Support from relatives and friends

To supporters and professionals

Support from relatives and friends

Support from family, relatives and friends is one of the most important forms of support. That is because they are the people who know the suffering of the family and how much they care about their loved ones who are not here right now.


You may not know what to say to that family. You may also feel sad when you see a sad face or a suffering figure, so you may want to avoid them as much as possible. But in many cases, it is better to tell the person that “I am sad and very sorry” rather than to say nothing or avoid the topic at all.


You can’t take away their grief, but you can support them by listening to them when they want to talk and helping them with their real needs.


Learn about “ambiguous loss” before you go into support. Then you may be more prepared to support those who are in pain.

Please take a look at the “What is ambiguous loss?” section.



A few ways to help

1.Just be there

It takes time for any person with an “ambiguous loss” to manage themselves. That period can be very painful. If you ask the person and they allow you to be with them, it is often helpful to just be there without saying anything.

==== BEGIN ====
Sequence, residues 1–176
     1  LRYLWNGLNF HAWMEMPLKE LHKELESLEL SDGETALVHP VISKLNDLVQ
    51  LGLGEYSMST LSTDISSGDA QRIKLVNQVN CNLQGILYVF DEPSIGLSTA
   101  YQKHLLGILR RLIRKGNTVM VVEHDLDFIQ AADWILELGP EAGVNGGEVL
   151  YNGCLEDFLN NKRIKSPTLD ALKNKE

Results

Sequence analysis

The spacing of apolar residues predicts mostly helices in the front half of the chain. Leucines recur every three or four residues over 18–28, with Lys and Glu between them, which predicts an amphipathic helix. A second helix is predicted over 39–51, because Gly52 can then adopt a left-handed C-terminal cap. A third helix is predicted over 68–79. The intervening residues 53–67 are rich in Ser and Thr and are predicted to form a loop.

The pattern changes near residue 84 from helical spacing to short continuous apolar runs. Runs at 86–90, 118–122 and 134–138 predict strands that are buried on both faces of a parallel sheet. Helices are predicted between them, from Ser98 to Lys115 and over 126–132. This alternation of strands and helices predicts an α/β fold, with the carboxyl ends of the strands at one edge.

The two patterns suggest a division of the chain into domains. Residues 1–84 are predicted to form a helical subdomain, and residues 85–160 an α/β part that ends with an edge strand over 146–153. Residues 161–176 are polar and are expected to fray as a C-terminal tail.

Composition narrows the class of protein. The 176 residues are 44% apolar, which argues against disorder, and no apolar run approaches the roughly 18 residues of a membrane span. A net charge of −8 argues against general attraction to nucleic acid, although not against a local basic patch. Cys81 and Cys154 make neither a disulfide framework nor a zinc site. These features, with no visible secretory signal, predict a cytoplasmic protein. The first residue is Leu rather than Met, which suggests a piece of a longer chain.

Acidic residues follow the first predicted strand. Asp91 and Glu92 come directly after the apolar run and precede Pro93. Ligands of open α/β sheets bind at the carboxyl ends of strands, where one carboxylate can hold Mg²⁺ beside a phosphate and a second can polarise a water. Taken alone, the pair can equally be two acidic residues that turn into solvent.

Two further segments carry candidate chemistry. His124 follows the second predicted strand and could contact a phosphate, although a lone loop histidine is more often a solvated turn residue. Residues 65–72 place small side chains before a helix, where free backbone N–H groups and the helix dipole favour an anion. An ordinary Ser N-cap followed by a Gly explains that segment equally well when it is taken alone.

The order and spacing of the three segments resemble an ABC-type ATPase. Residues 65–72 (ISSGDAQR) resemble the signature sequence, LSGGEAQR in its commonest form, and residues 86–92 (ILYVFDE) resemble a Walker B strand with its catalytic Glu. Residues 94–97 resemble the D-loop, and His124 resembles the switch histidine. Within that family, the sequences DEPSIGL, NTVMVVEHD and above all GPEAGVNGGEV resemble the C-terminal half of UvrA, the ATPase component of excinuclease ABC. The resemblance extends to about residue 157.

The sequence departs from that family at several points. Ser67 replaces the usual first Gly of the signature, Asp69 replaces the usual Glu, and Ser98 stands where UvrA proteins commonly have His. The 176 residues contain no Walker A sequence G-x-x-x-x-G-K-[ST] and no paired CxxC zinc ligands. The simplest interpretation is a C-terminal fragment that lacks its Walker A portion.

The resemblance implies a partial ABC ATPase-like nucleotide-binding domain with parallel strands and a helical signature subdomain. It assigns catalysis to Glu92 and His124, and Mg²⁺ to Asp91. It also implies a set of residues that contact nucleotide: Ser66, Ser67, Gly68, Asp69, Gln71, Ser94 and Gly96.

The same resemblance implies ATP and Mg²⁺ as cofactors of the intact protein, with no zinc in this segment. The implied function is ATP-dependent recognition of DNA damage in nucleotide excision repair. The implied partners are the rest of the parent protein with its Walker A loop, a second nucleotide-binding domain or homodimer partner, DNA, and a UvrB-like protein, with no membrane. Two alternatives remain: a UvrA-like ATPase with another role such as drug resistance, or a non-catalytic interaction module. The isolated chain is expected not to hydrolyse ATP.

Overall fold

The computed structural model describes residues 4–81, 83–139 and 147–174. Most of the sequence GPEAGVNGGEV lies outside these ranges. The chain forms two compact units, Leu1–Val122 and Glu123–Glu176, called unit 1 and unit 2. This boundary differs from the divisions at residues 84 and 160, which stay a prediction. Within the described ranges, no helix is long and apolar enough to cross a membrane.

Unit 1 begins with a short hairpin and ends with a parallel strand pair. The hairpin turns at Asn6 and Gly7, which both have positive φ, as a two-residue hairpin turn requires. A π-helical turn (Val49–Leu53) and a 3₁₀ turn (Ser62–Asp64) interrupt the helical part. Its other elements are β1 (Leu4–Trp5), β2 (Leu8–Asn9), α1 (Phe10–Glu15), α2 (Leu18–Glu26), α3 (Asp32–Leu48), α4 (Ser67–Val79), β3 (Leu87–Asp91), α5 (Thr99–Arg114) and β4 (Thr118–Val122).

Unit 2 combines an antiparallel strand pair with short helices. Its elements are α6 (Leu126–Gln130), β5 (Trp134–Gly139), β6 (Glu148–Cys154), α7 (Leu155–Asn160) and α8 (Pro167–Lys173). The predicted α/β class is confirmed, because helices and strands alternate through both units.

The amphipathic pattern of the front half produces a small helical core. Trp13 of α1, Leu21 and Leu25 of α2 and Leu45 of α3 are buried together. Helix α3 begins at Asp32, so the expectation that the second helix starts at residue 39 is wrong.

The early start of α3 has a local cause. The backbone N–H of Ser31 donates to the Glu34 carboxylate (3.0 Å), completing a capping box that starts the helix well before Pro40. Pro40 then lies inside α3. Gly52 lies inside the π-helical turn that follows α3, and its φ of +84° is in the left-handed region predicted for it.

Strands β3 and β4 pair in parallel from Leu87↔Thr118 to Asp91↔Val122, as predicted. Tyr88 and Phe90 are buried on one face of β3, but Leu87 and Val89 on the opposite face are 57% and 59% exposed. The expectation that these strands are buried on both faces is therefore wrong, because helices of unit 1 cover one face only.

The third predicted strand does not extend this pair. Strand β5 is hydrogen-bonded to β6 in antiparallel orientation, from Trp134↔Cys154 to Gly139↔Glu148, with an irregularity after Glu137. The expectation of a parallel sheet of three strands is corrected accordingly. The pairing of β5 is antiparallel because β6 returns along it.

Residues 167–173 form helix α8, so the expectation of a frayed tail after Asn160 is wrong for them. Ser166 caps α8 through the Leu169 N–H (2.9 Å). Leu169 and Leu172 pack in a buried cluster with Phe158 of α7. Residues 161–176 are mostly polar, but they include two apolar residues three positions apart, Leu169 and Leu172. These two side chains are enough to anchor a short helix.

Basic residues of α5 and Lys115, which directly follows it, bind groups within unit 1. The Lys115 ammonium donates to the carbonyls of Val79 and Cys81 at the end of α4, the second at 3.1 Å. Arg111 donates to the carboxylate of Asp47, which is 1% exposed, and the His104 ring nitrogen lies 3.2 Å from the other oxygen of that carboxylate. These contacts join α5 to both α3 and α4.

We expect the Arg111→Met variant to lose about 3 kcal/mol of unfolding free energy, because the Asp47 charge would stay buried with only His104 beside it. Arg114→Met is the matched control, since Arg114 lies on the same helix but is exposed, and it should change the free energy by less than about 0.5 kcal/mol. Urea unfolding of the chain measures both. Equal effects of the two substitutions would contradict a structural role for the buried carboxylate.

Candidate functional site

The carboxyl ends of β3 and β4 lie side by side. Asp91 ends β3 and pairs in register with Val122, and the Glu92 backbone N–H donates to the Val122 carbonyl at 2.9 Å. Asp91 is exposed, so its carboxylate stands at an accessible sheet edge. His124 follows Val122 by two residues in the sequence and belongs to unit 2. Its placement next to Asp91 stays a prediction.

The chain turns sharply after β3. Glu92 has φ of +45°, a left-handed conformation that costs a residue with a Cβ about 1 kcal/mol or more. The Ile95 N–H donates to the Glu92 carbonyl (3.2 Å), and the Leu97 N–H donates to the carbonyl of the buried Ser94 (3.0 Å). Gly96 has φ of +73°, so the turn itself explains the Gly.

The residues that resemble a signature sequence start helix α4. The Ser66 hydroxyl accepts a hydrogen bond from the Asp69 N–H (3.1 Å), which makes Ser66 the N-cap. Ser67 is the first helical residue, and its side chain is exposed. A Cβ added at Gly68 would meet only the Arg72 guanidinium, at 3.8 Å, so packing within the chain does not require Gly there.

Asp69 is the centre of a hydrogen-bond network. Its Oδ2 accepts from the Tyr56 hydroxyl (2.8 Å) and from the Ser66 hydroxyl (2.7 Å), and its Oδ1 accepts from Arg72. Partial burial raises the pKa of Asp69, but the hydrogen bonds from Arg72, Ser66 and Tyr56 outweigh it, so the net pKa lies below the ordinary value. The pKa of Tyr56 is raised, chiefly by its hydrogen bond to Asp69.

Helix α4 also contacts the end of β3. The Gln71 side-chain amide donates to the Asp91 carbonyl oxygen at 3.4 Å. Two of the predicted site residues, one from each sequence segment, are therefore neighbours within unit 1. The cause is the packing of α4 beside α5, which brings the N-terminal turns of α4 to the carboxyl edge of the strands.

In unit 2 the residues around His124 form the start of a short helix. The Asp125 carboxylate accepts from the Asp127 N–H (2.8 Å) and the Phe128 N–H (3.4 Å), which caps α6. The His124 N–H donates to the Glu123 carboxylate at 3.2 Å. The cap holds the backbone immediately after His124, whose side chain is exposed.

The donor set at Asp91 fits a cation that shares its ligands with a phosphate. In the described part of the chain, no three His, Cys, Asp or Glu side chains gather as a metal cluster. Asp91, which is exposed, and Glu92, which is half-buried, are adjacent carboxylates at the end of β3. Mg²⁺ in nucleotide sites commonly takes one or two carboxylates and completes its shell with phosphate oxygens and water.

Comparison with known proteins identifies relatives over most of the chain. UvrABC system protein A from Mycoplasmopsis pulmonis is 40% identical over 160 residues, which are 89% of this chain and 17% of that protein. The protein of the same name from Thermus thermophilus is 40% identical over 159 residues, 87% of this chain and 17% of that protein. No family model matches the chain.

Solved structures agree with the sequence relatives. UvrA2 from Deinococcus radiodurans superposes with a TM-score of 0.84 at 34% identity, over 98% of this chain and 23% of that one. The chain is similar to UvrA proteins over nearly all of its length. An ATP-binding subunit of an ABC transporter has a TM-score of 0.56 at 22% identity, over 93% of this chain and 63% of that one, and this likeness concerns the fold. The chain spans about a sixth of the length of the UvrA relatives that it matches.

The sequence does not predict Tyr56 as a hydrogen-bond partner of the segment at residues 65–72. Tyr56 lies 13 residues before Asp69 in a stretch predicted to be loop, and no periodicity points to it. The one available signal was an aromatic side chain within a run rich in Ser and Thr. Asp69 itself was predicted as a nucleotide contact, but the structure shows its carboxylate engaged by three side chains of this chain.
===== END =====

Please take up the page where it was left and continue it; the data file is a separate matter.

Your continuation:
For those who are in pain with ambiguous loss, talking to someone who listens to them is a big help. A free expression of emotions, such as sadness, anger, or bitterness, can help them relieve anguish.


Each person’s way of dealing with loss is different. They have the answer to how to come to terms with his or her grief. Especially in the case of “ambiguous loss,” it’s perfectly fine that the person deals with it in their own way. Respect the person’s thoughts and answers as they come up in the conversation, even if they are different from yours.


3.Respect those who are not now with family

The missing person is still an important member of the family. Celebrating their birthday or having the opportunity to get together for them could provide great support for the family. Through such support from those around them, the family can feel that “the person” and “they” themselves are being respected.


4.Other helpful support

The family may be mulling over and over again about what has happened. That’s normal in the process of coming to terms with such a situation.


Tell the family to take care of their own bodies. Tell them to eat well, get the rest they need, and see a doctor if they have any health concerns. If possible, take the time and discuss what you can do to help.